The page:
How insolvency and restructuring professionals can use litigation funding to investigate and monetize litigation assets
In the World Bank’s recent Resolving Insolvency report, Canada ranked 11th worldwide for the recovery rate by secured creditors through reorganization, liquidation or debt enforcement. This raises questions about what can be done to raise that standing, as well as how recovery rates for unsecured creditors can be enhanced.
Litigation funding may provide part of the answer; it is a valuable tool that can be used to maximize recoveries for all creditors.
Bentham IMF’s business began in the insolvency space (the ‘IMF’ stands for Insolvency Management Fund). For more than 16 years, our funding has enabled insolvency and restructuring professionals (IPs) to pursue litigation in order to increase returns to creditors. The types of claims commonly funded include:
- breaches of directors’ duties;
- transactions voidable in insolvency (eg preference payments; uncommercial transactions);
- insolvent trading; and
- actions against professional advisors or other third party defendants.
Bentham has funded high-value, complex insolvency litigation, as well as small corporate and personal insolvency claims. Examples at the high end include litigation against Babcock & Brown Australia (breach of the Australian Corporations Act in paying dividends out of capital), ABC Learning (a charge taken by the banks in the lead up to the collapse of the company) and the BBY Group (insolvent trading). Such high-value cases can have claim values of hundreds of millions of dollars, with litigation costs that can run into many millions of dollars.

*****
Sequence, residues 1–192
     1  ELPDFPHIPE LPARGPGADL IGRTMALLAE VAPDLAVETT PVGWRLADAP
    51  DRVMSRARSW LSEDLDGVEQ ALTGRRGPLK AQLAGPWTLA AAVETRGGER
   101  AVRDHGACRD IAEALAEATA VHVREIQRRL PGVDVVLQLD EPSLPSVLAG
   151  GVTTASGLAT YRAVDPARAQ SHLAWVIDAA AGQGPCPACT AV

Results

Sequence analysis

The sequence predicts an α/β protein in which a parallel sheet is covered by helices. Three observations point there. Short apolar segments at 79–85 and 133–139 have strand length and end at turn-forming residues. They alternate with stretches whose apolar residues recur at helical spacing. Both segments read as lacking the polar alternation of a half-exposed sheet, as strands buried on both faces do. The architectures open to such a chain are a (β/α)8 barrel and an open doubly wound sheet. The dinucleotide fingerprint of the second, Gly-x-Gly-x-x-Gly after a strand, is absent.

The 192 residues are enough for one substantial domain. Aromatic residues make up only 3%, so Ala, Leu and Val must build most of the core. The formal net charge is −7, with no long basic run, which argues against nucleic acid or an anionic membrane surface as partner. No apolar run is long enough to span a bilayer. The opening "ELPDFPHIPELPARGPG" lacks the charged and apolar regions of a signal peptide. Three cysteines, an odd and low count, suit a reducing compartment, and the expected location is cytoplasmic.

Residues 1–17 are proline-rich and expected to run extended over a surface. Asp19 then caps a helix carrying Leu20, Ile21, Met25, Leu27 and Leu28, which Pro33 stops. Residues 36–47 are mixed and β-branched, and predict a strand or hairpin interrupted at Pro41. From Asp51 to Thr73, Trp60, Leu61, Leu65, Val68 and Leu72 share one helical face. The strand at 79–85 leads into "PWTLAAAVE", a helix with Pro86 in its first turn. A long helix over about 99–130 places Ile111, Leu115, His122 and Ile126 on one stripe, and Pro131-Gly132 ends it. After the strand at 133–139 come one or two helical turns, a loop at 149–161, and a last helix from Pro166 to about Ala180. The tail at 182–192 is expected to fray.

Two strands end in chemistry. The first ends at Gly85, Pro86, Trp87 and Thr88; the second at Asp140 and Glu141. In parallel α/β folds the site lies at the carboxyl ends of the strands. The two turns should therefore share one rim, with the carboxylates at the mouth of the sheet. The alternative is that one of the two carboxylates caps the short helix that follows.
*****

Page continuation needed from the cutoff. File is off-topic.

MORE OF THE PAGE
At the opposite end of the spectrum, Bentham provides funding for small corporate and personal insolvency claims. Bentham has established a separate Small Claims Investment Committee, which swiftly evaluates funding requests for claims where the estimated litigation budget is under $1 million and the estimated recovery is around ten times the litigation budget.
Bentham also provides non-recourse preliminary or “seed” funding which enables an IP to undertake initial investigations or obtain an expert opinion to better understand claims identified by the IP in the course of investigating the company’s affairs. Preliminary funding is usually between $20,000 and $50,000 (although it can be more) and is provided under a short Preliminary Funding Agreement. An offer can then be made to fund the substantive claim, following completion of the parties’ investigations.
To learn more about how funding might assist in the investigation or litigation of a claim for an insolvent estate, please contact us.